The head of the Iranian Navy affirms that Iran is ready to save foreign ships from pirate attacks in international waters and keep up its escort duties. This comes as the Navy thwarted Somali pirates’ attempts to hijack a Maltese ship last week.
The Maltese-flagged Dandle was sailing toward Iran near the Omani coast last week when it was attack by pirates in four speedboats. However, the Iranian Navy managed to thwart the attack, Deputy Navy Commander Gholamreza Khadem Beighom said on Saturday.
It was the tenth clash between pirates and the Iranian Navy in the last two months.
On Friday Navy commander Rear Admiral Habibollah Sayyari as saying that Iran is willing to assist ships under attack if they request help.
“The Islamic Republic of Iran’s Navy with its increased presence in international waters has provided protection for Iranian oil tankers and commercial ships, and will also help any foreign ship, ambushed by the pirates, which calls for help,” Sayyari told IRNA in an interview published on Friday.
Iranian naval ships have escorted nearly a thousand Iranian commercial ships and oil tankers in the Gulf of Aden and have had 30 major clashes with the pirates over the past two years, he said. He added that all ships Iran has escorted have passed safely through waters in the region. In line with international efforts against piracy, Iran’s Navy has been conducting anti-piracy patrols in the Gulf of Aden since November 2008 to safeguard maritime trade and in particular ships and oil tankers owned or leased by Iran.
At the beginning of this month International Maritime Organization (IMO) Secretary General Efthimios E. Mitropoulos said Iran was effectively fighting pirates. The Fars news agency quoted him as saying that the global maritime community is indebted to countries like Iran that have deployed forces to counter pirates.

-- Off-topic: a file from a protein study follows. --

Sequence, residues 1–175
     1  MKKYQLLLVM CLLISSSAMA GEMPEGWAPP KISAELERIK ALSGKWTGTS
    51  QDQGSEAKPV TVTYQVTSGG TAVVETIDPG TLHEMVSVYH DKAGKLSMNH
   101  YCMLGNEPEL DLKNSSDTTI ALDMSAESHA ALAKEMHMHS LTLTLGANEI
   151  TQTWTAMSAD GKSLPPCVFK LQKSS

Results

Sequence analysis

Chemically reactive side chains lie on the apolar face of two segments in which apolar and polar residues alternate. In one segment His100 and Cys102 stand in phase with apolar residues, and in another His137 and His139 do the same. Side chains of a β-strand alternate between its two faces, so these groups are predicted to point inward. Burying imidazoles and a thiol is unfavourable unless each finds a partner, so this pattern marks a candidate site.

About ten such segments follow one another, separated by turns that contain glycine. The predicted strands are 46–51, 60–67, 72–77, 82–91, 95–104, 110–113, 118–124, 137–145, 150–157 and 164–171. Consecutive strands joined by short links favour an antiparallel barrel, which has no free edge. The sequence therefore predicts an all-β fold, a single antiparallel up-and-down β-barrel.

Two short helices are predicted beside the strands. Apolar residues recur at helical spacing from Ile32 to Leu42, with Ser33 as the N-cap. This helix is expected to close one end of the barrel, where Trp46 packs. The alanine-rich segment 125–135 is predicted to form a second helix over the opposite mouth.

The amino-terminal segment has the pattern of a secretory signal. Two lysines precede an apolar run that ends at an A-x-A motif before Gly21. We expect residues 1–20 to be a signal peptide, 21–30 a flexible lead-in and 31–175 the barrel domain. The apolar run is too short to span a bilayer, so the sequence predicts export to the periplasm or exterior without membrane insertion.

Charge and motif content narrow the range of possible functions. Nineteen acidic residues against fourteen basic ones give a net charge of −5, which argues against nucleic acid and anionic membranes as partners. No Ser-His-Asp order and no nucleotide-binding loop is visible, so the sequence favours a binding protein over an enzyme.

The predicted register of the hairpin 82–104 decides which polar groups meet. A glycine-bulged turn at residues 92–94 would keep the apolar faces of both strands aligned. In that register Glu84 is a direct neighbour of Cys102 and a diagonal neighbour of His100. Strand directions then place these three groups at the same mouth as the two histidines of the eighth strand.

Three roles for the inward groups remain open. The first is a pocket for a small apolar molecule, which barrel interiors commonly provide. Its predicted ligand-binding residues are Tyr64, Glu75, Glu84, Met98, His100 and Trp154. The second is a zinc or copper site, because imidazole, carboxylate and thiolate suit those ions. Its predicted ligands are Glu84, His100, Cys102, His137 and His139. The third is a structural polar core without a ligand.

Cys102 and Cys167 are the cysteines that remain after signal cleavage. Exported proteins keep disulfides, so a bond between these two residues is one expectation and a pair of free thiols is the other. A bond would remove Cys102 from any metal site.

According to the IMO, last year there were 489 incidences of piracy and armed robbery against ships, against 406 during the previous year. The areas most affected (five or more reported incidents) last year were East Africa and the Indian Ocean followed by the Far East and, in particular, the South China Sea, West Africa, South America and the Caribbean.
Last year two crew members were killed and 30 crew members were reportedly injured or assaulted, while 1 027 crew members were taken hostage or kidnapped. Fifty-seven vessels were reportedly hijacked, with one vessel reportedly still unaccounted for.
In the last week there have been four attempted hijackings by Somali pirates, according to the International Maritime Bureau (IMB). As of May 23, the Bureau has recorded 211 attacks and 24 hijackings worldwide this year. Somali pirates have hijacked 21 vessels and killed 7 crewmembers over the last five months. They are currently holding 26 vessels and 522 hostages.
Meanwhile, the African Union has called on the United Nations to establish an air and sea blockade of Somalia to meet the crippling piracy challenge and prevent infiltration of foreign insurgents into the Horn of Africa country and to cut off their supply lines. According to Reuters, the African Union has confirmed that the United Nations is actively considering but gave no indication if a decision was imminent.